This is my most important blog posting and the one I probably should have first posted with. To explain complex subjects, like vitamin D3, in my blogs I am challenged by three issues. Those three are translating medical talk into what a nonmedical person can understand while maintaining the meaning, explain how medicine studies are not “facts” and keeping my posts short.

First to translate medicalize I often must widen the view to fill in the other surrounding details to give clarity. Medical scientists use complex terms that confuse and intimidate non-medical readers giving implied legitimacy. Even if you get past that you still have other barriers to understanding what’s the truth.

Second, most importantly and so often misunderstood is medicine studies are limited by what we know. I have written many peer reviewed medical studies, a text book chapter and a book, so I understand the process. But! If anything, I hope to get across how all these studies only give an outline of what is happening. Yes, these are “facts”, but they also can contain so many loop holes, what ifs and so often miss lead us.

See, there are exceptions, which is one of the most important points I am trying to get across. Like one of my medical school professors once told us half of what we are teaching you is wrong we just don’t know which half. He was and is right. See these studies often but not always inch us closer to the truth. Unfortunately, sometimes they take us away from the truth. Take two recent vitamin D3 studies as examples.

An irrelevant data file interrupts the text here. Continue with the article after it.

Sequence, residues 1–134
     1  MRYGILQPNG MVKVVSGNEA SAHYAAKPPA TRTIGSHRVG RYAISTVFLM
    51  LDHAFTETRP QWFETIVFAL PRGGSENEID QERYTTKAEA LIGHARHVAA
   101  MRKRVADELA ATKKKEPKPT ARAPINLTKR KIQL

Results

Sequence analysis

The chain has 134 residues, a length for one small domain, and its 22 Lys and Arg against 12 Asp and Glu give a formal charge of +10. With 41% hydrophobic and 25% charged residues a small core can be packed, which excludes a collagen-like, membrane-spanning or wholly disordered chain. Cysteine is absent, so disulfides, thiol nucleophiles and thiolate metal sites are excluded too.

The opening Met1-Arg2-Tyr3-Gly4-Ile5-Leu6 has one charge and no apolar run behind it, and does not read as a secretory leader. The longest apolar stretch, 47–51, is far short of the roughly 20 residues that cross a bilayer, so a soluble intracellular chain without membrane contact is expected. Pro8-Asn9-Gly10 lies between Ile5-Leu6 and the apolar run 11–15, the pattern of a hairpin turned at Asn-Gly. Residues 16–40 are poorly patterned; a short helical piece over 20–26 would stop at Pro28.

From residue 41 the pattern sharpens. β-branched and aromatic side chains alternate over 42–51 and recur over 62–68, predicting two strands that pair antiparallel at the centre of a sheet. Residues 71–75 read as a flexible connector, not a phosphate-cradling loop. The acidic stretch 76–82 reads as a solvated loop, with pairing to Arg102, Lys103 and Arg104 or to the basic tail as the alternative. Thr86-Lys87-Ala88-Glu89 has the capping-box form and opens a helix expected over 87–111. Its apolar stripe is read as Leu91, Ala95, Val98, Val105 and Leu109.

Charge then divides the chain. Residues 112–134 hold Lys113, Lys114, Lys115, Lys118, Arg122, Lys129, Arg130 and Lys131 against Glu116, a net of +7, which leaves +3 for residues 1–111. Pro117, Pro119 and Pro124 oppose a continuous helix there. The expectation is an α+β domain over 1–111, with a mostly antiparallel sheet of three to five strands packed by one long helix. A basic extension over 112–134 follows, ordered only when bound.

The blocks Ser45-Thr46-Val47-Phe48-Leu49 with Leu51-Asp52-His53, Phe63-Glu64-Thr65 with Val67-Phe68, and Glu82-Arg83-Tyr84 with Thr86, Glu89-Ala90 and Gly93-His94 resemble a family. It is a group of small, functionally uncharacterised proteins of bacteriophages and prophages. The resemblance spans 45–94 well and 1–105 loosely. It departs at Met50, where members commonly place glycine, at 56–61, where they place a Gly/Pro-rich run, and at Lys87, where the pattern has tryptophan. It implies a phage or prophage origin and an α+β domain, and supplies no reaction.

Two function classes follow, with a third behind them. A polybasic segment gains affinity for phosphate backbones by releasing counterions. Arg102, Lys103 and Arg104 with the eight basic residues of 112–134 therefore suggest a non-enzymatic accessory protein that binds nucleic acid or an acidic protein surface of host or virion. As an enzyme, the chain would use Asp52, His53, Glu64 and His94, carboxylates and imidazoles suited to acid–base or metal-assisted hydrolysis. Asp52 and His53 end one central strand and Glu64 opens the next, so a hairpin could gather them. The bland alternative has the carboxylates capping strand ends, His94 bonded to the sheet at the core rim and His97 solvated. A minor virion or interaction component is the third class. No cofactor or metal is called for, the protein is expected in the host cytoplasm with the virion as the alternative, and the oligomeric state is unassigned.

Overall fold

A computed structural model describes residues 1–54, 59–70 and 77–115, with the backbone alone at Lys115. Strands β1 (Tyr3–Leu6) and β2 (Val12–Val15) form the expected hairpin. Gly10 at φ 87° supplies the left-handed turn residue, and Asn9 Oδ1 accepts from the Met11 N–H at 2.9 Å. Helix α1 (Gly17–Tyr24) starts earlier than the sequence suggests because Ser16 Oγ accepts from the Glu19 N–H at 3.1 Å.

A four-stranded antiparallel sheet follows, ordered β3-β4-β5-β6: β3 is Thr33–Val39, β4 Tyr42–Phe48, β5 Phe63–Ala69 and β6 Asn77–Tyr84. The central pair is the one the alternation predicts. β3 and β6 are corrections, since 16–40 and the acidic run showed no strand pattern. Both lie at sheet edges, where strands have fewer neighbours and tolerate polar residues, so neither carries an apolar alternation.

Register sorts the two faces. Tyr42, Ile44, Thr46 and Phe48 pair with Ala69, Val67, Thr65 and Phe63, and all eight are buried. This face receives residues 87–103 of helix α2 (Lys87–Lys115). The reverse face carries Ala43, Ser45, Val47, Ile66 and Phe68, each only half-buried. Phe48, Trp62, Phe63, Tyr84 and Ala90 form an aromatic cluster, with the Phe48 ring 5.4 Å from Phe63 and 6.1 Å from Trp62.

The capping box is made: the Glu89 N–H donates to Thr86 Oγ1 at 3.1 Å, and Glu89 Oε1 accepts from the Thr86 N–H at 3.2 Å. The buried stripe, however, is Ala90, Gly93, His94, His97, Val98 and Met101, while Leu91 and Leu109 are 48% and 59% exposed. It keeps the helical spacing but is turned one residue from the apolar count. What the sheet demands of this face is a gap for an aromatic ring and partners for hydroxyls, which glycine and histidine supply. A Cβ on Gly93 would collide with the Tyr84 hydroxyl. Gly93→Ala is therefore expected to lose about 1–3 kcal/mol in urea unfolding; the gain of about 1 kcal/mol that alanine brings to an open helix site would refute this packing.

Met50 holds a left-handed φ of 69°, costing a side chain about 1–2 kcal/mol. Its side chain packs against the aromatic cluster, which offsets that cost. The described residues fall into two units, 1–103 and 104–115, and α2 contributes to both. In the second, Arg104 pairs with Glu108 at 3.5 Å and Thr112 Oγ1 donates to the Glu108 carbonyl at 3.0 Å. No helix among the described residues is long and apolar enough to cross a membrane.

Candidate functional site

These studies show that vitamin D3 has minimal, no and even a negative effect on us. I wrote about this in several recent blog posts, how two large meta data studies, ones the critics of taking vitamin D3 would argue are two most important studies.

In fact, one of these studies, which I called the heart study, showed that higher blood levels were associated with a higher death rate. Both studies were correct. The science in many regards was flawless. The problem?

It did not consider of the fact that a high percentage of those people received their vitamin D3 from cod liver oil and that altered the study’s results. Cod liver oil contains, at doses needed to obtain those higher vitamin D3 blood levels, a toxic level of vitamin A. Thus, in the heart study, despite higher dosing and blood levels of vitamin D3 the negative effect of vitamin A significantly overpowered this small change in vitamin D3.

Then in both these studies and every other study I have found the doses of and blood levels of vitamin D3 were still so low. So low that despite what the study scientist claim were high doses and blood levels, to be essentially no significant difference from what they classified as low dose and blood level vitamin D3.

Third make my posts requiring only around two to read. Why? I, like you are bombarded with too much information. This dulls our senses, so we accept information as true that may not be. In the end I try to cut through this to try to make complex clearer. I assumed my intent was clear, as to what I was trying to accomplish in my posts but may not have been. So, to hopefully I clarify this today.

*The information posted above is for educational purposes only. Always check with your doctor before initiating any changes in your medical treatment. If you do not, then The Two-Minute Health Fact, Dr. Judson Somerville, nor The Optimal Dose is responsible!


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